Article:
Saturday, 5 March 2011

The view at the bottom

As the season enters Gameweek 29 (Fantasy league terminology) the 20 teams (except Birmingham with 12) have 10 or 11 games left to play in the league. What is remarkable is that the teams currently in the relegation places, the bottom three, already have point totals which would have almost certainly saved them from relegation last season.

The situation is summarised in a useful piece of information gathering here by Jeremy Wilson on the Uk's Daily Telegraph website.

Hovering behind or above the Premier League there are still European tournament games to come plus FA cup matches at the quarter final stage. More information on what is still to come for football fans this coming week is right here on this great site. (The match times given here are for viewing in the Florida region of the USA)

Tuesday, 8 February 2011

Saturday Siesta

FA Clubs MapImage via Wikipedia
On Saturday afternoon I started to watch Stoke v Sunderland. Kieran Richardson scored early on to give Sunderland the lead. Then the ball went here and there without any pattern. I began to feel sleepy. I woke up an hour later to find that Stoke had won 3-2. I had missed 4 goals. 

Anxious not to miss anything else I did a bit of channel hopping and found a German channel showing Newcastle v Arsenal. The screen showed 12 minutes had gone but I could hardly believe the score: Arsenal 3 Newcastle 0! I had missed 3 more goals, and surely the match was over in substance. Toothless (allegedly) Newcastle with the feeling of the loss of Andrew Carroll on their backs would never recover.

Then Newcastle’s J.Barton kept showing up everywhere, taking the corners, free kicks, and falling down blithely anywhere reasonable between adding a biting tackle for good measure. One such caught Diaby’s legs. He showed his feelings by getting J. Barton by the back of the neck and pushing him to the ground. Along comes Newcastle-captain K. Nolan like a policeman in a comedy saying, ‘“Hello, hello, hello!”. The suspect Diaby promptly pushes him in the chest. A crowd gathers and the ref pulls out a red card. Exit Diaby; no doubt glad that he didn’t get his leg broken again in a tackle. In fact, Barton’s tackle looked clumsy more than dangerous but you felt that it came from a player willing to do whatever it takes for his team and his role as a villain (aka Man of the Match).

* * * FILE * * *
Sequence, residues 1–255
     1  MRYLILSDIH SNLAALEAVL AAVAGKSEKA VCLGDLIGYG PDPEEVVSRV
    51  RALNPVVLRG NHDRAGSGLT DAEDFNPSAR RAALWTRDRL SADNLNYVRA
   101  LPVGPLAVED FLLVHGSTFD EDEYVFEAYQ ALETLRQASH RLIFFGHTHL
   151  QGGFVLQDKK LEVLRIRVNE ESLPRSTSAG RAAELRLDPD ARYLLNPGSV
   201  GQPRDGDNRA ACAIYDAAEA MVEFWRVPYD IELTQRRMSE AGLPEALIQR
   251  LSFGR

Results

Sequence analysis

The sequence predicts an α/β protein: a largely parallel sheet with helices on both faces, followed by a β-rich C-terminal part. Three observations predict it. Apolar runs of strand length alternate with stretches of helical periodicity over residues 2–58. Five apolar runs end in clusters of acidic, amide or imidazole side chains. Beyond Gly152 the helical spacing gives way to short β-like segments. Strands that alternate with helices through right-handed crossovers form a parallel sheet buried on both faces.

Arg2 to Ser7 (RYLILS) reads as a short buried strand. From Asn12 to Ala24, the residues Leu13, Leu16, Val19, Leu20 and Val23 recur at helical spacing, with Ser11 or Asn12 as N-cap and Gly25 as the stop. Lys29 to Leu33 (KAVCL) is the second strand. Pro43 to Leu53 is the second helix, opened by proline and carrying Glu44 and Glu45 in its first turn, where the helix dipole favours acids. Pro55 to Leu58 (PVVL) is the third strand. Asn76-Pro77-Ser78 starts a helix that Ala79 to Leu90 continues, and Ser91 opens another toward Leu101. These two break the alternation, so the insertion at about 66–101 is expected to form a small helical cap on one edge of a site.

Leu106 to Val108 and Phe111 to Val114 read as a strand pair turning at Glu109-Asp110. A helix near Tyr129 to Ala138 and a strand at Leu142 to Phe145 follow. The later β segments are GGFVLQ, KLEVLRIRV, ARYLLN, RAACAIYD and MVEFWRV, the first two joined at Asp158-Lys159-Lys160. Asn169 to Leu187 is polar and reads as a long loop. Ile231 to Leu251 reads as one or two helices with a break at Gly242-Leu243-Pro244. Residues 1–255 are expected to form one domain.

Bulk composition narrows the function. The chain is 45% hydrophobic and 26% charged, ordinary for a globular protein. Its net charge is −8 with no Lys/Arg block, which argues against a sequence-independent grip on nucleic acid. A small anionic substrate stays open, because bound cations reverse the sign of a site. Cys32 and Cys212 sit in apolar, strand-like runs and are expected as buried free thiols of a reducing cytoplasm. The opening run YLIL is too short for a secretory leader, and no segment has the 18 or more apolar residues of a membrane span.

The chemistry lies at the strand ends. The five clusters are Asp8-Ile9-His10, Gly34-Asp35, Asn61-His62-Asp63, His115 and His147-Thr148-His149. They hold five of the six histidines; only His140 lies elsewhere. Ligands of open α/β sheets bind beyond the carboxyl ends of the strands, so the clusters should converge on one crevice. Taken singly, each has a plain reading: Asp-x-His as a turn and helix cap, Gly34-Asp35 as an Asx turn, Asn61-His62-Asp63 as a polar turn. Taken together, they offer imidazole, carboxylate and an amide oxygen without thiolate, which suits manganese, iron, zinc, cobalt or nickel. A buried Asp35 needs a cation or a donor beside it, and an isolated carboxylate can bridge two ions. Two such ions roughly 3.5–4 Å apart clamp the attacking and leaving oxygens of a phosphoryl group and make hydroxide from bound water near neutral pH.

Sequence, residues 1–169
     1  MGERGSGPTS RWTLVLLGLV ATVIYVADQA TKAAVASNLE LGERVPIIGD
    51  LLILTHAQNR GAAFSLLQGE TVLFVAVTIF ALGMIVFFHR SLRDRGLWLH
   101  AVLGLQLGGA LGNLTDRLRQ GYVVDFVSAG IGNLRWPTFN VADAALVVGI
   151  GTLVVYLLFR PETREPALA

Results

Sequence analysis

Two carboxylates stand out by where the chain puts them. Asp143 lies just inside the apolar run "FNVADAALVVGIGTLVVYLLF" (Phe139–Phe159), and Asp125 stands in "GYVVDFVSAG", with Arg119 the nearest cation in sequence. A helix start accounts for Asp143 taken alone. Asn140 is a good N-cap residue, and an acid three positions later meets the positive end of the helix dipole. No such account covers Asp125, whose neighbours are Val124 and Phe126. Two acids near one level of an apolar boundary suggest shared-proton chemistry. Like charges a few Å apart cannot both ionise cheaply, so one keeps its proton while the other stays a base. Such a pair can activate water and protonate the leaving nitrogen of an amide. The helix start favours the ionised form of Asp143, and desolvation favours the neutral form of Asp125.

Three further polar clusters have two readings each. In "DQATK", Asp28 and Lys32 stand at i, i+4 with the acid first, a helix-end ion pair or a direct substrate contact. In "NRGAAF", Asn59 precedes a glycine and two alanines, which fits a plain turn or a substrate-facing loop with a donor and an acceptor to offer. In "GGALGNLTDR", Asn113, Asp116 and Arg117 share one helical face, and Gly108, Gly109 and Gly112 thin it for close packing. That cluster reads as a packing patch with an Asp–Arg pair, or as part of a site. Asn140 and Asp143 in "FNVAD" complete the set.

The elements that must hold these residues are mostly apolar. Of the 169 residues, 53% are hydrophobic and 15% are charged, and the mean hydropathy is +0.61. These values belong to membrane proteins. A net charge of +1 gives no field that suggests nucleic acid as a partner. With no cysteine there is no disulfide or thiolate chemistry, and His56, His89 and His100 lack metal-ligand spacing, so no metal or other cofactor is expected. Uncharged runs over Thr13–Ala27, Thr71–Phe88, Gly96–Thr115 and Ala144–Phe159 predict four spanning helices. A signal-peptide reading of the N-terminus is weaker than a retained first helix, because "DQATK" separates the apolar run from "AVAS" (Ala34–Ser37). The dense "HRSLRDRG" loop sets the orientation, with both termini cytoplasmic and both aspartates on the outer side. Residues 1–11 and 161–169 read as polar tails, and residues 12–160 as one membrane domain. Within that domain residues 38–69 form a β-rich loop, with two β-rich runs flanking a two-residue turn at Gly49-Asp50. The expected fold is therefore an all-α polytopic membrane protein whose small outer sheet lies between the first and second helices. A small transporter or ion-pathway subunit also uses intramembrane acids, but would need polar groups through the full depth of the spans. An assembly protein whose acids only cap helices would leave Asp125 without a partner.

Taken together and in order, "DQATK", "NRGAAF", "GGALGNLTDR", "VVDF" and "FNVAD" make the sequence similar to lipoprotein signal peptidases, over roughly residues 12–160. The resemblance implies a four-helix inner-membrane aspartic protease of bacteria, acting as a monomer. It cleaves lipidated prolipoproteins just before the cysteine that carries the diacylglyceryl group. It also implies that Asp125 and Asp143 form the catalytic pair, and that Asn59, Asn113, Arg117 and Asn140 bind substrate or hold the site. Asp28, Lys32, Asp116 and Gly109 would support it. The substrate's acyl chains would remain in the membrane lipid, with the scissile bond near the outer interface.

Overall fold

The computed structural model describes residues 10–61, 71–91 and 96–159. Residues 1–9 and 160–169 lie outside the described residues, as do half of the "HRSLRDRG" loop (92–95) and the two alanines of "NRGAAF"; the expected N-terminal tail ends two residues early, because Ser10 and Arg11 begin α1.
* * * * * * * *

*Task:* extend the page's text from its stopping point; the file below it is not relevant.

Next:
By now 4-0 in the lead, Arsenal are down to 10 men. Inspired by Barton’s insistence and his two penalties Newcastle go on to a unique (in the Premier League) four-goal recovery. Final score: 4-4. 

My personal score 7-6: asleep for 7 awake for 6.

The goals galore at the weekend delighted fans at grounds and football fantasy league players everywhere. There were 25 goals For and 16 Against; a total of 41 in eight matches, 5 per match barring fractions. And no fractures!

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Tuesday, 1 February 2011

Did you hear the sounds of breaking glass ....

as huge snowballs of money struck the transfer window last night? A couple of strikers were involved. The biggest snowball broke the record for a player coming to a British club and was thrown by Chelsea at Liverpool for Torres for £50 million. It gave Liverpool some daft money to throw one of £35 mllion at Newcastle for Carroll which broke the record for the transfer of a British player. I hope those snowballs don't melt too quickly.

F. J. Torres, although 'fit' now, has had injury problems in both of the last two seasons and A.T. Carroll is currently injured. Torres is at least tried and tested as a top level striker. But Carroll is in his first season in the Premier League, with 11 goals from 19 matches.  Promising and exciting, but for £35 million - the things that can go wrong! A few weeks ago Carroll was living in Newcastle-captain Nolan's house. A kind of supervision by order of a magistrate before whom he had appeared.